Sunday, May 31, 2015
THE SILENT CANON AND THE SENSE OF MYSTERY AND THE SACRED; THE PROCLAIMED CANON AND THE LOSS OF THE SENSE OF MYSTERY AND THE SACRED
As some of you know, in the 1962 Missal of the one Roman Rite, the Roman Canon is prayed silently or quietly. I have to admit that when I started to celebrate the 1962 Missal eight years ago, the silence of this Mass, especially the Roman Canon, was quite disconcerting to me. I had forgotten that the Canon way prayed silently and I felt very self-conscious praying it silently before a congregation. It was not a part of my liturgical spirituality and I did not have a good explanation for its purpose so indoctrinated had I become to the idea that the Canon is a proclamation to both the assembly and to God. Sounds haughty, doesn't it! Yes, humility was the first thing to go in the revision of the sacraments.
But as I watch the EF Celebration of the Feast of the Immaculate Conception (AWESOME) a couple of posts below, I focused on the canon from the laity's point of view.
This is where there is a collision between old and new, new and improved or simply changed for the sake of change. And one must ask is there a flaw in the hermeneutic of rupture which some have the audacity to call renewal, that has led to the loss of the sense of mystery and awe and reverence in the new and improved Mass of the one Roman Rite?
The apologetic that so many liturgists, bishops, priests and religious used in promoting so much of the rupture in the revisions to the sacraments after Vatican II was a literalism that defies common sense.
For example, the ideology that standing to receive Holy Communion and on the hand rather than on the tongue is to be seen symbolically as "being raised up with Christ and more adult!" Yet, even when receiving Holy Communion kneeling, or for that matter, flat on one's back for viaticum, is not that person still "raised up in Christ?" Literalism run a muck is the apologetic for receiving Holy Communion standing and in the hand!
The apologetic given for the "spoken" canon is that it is a proclamation that must be heard. But who needs to hear it? If it is prayer, the essential One to hear it is God the Father, through Christ His Son by the power of the Holy Spirit. Even if the sacramental priest representing the Eternal High Priest at the altar prays the canon silently, does not God still hear it? Is it not still a proclamation of prayer? The volume of it has nothing to do with it. The silence though has everything to do with the sense of awe, mystery and reverence for the congregation and the sacramental priest!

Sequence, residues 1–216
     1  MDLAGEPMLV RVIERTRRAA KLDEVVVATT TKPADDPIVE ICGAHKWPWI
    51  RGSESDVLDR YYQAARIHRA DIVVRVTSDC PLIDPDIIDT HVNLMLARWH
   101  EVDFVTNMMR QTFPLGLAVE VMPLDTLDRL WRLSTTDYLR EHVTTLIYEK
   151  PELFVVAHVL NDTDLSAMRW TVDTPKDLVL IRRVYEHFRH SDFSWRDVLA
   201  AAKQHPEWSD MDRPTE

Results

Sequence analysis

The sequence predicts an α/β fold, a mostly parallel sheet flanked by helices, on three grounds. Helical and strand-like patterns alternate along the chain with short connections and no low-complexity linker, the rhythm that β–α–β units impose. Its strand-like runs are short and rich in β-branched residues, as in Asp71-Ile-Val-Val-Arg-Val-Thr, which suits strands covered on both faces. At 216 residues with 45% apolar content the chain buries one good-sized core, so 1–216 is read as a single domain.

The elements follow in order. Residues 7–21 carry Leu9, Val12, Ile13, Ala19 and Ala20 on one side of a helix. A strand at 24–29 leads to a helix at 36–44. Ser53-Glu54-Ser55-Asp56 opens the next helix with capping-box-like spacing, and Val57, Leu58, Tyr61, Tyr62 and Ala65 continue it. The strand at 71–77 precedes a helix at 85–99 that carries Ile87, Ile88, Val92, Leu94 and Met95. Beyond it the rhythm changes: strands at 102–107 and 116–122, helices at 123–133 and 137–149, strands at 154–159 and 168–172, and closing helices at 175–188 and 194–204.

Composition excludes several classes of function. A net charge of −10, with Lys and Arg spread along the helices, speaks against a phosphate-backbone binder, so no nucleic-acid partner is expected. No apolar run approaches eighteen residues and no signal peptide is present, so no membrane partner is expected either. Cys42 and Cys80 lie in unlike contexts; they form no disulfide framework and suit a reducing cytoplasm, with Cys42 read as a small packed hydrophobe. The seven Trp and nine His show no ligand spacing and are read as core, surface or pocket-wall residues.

In effect the flawed apologetic of a proclaimed Canon in the revised Mass and with the sacramental priest facing the congregation is that the congregation needs to hear the canon and have their ears tickled by it. It thus places the Canon in the same category as the proclamation of Scripture, an exercise in catechesis and instruction. The Canon is neither! It is prayer to God pure and simply--the prayer of the Church on earth, in purgatory and in heaven! It is heard by God even when the voice is mute! Silence is Golden.
What are the requirements of Catholic spirituality when participating at Mass with a silent canon?
1. Clergy and laity must understand that the silence is a symbol of being in the presence of God and barefoot. It is an entering into the "Holy of Holies." Awe, wonder, hushed silence comprise the attitude of the soul.
2. Catholic laity need not follow the words of the canon in their own missal word by word, but they do need to be familiar with the Roman Canon having read and studied it regularly, especially its structure. But at Mass, understanding the reason for the silent canon as enhancing the sense of mystery, awe and wonder, they watch the priest and make the prayer of the Church which the priest prays to God silently a part of their own spirituality and offering. Simply let the gestures of the priest be a sacred sign language and the bells to keep one focused on the progress the priest has made in praying the canon with the occasional loud voice to begin a sentence.
3. During the silent Canon, Catholics must recover a sense that this is the most SACRED part of the Mass, where the offering of bread and wine takes place and then is consecrated and then the sacrificial offering of the consecrated Bread and Wine, the Risen Lord in an unbloody way in remembrance of Calvary takes place. The congregation also needs to have an awareness of the prayers of petition for the living and dead that the priest prays during the Canon--thus rendering the Universal Prayer after the Credo in the Ordinary Form redundant and simply more words spoken aloud to make the Mass more wordy and banal, a carnival of babble.
If the priest and the laity at an EF Mass don't understand the spirituality and theology of silence during Mass and especially during the Canon they will find it a distraction. But go and watch an EF Mass with a silent canon and approach it as I have highlighted it above and one will appreciate it and rediscover a profound reverence, mystery and hermeneutic of piety!